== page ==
A perfect storm of political, trade and sustainability issues is brewing here in Australia and overseas.
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CRITICAL ISSUE: The workforce shortage is a critical issue for dairy farmers, so the dedicated agricultural visa for foreign workers announced by the federal government last week is good news.

At home, the battle lines for the next federal election will be drawn soon. Political parties will soon be preparing election platforms, so Australian Dairy Farmers (ADF) is working to prepare a framework for member consideration.

Internationally, summits seeking changes to the global food system, an end to climate change and targets for regenerating biodiversity present both risks and opportunities to dairy farmers in the long term.

There is no doubt that the advocacy outcomes achieved in the next 12 months will be critical to the profitability and sustainability of dairy farmers. The task will require a strong sense of purpose and unity.

Purpose will not be a problem at ADF. The organisation is set to ink a new strategic plan with objectives for trade, farm innovation, the supply chain, dairy people and sustainability.

The priorities in this plan address current and emerging issues that dairy farmers care about. With a perfect storm of issues brewing, it seems timely to review the progress being made to manage a few of them.

New foreign worker visa a positive step

In terms of dairy people, the workforce shortage is a critical issue for dairy farmers. ADF’s view has long been that the dairy industry should be able to tap into migrants to fill specific job roles in the short term.

So, the dedicated agricultural visa for foreign workers announced by the federal government last week is good news. The visa will help resolve temporary workforce shortage issues. It will enable agriculture to better match workforce needs to foreign worker recruitment and reduce visa processing times.

ADF has been working with the government through the National Farmers Federation to develop the visa.

The government’s decision to initially limit the visa to people from Association of Southeast Asian Nations (ASEAN) countries is a good first step, but ultimately the visa needs to be offered to all people across the world. We will keep working with the government on the specific design elements of the visa to ensure it is delivered efficiently and effectively.

Meeting the challenge of climate change

Climate change is a sustainability issue. Many dairy farmers are taking action to reduce their greenhouse gas emissions (GHGs). At an industry level we have a goal to reduce GHGs intensity by 30 per cent on 2015 levels, by 2030. This goal is under review as the urgency to lower GHGs increases. The ADF’s natural resource management policy advisory group will soon meet to consider a more ambitious target.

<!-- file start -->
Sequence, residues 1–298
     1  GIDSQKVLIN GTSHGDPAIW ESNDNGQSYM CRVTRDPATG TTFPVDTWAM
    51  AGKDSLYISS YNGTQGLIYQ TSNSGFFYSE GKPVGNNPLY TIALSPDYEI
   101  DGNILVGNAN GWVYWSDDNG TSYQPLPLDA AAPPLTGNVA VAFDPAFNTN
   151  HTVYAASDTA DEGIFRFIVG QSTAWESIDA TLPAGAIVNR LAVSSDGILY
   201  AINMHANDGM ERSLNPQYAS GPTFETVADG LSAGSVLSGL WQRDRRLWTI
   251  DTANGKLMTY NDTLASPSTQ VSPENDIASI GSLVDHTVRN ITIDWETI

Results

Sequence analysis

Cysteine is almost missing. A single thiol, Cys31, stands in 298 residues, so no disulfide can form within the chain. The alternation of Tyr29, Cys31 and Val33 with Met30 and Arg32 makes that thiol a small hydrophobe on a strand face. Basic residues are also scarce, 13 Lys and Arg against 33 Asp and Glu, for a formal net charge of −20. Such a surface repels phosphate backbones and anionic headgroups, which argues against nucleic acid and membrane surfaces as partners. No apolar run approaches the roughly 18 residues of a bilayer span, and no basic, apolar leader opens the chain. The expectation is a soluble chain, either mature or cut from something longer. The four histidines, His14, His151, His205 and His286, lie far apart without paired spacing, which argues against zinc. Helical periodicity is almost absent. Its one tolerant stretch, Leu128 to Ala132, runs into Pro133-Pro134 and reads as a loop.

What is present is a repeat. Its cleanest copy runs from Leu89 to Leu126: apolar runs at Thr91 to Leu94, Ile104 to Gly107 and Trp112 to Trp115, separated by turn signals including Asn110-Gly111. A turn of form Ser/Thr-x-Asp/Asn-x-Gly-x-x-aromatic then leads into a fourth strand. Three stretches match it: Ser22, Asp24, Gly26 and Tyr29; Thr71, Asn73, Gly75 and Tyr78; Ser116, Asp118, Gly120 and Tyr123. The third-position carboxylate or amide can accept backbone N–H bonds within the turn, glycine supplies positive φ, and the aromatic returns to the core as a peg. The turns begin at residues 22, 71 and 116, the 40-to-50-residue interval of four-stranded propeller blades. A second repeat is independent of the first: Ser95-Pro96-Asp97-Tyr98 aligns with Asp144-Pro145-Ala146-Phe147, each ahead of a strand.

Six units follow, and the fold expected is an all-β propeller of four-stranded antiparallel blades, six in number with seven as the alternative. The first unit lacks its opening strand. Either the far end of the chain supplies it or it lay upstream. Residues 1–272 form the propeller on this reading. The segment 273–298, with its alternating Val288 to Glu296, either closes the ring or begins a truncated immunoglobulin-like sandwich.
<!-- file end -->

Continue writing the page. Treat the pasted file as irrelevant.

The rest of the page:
Sustainability is a key focus of the Australian Dairy Plan. We recognise that it is essential for gaining community trust, for dairy’s long-term viability and for providing nutritious food for a healthier world.

When consumer trust meets market access

Although animal welfare is framed as a sustainability issue, it is emerging as a trade issue too. The European Union is including animal welfare and the recognition of animal sentience in some trade negotiations. Others will follow.

Dairy’s social licence and an opportunity to create value is becoming dependent on a different outcome for surplus or non-replacement dairy calves. Our views of bobby calves must now change to align with the expectations of the wider community. The change may not be easy, and the first step is to understand that dairy beef production does not have a simple solution – if it did, the problem of the surplus calf would not exist.

ADF is leading a conversation about surplus calves. It started with an online dairy beef forum in July. We will keep people talking, at least until such time that industry has a policy and programs for the profitable management of bull calves and surplus heifers. If we as dairy farmers want to maintain our position of trust with the community – local and global – dairy’s story must include the management of newborn calves.

Keep the right to use common food names

The trade issue of Geographical Indications (GIs) is back on the agenda with an outcome expected in the first quarter of 2022.

As part of negotiations towards an Australia-EU Free Trade Agreement (FTA), the EU wants to stop Australian companies using common names, such as feta, haloumi and parmesan for their food products. The EU argues that such names are indicators of a place of origin (in Europe) and are being misused.

Dairy Australia estimates that local products worth more than $650 million in annual sales are at some commercial risk if the dairy GI protections proposed by the EU are built into an FTA. The impact of a strict agreement on GIs would be keenly felt by dairy processors and, of course, the farmers who supply them.

Once this looming storm of issues passes the focus of our policy advocacy on behalf of all dairy farmers will shift to priorities for the next parliamentary term – truth in food labelling, competition and supply chain reform and supporting industry profitability (implementation of the Senate’s Dairy inquiry, our innovation agenda and the Australian Dairy Plan).

Whatever is on the horizon our purpose is clear. As the recognised national voice of dairy farming, the ADF is working to protect and improve the profitability, sustainability, and wellbeing of Australian dairy farmers.

Article supplied by Australian Dairy Farmers.

Anik Dairy, owned by dairy major Lactalis Group, has named SubhashisBasu as its new chief executive officer.

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